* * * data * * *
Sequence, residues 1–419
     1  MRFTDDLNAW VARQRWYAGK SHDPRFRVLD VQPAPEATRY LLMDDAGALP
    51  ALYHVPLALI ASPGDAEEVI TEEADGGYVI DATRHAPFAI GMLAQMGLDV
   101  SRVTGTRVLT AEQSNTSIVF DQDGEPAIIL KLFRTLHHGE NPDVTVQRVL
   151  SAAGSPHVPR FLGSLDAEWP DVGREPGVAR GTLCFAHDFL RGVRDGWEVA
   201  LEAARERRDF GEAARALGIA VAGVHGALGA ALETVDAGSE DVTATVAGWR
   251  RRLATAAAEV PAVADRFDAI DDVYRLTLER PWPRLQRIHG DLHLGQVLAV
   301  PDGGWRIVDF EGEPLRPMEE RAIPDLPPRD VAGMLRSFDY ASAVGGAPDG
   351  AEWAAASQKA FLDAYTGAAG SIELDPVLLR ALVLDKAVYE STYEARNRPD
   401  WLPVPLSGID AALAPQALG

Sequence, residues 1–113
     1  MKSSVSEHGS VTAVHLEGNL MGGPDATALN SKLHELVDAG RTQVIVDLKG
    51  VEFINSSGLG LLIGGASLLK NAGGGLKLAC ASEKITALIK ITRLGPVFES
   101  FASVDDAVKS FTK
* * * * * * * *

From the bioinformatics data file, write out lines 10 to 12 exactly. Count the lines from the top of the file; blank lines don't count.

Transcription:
   401  WLPVPLSGID AALAPQALG

Sequence, residues 1–113
     1  MKSSVSEHGS VTAVHLEGNL MGGPDATALN SKLHELVDAG RTQVIVDLKG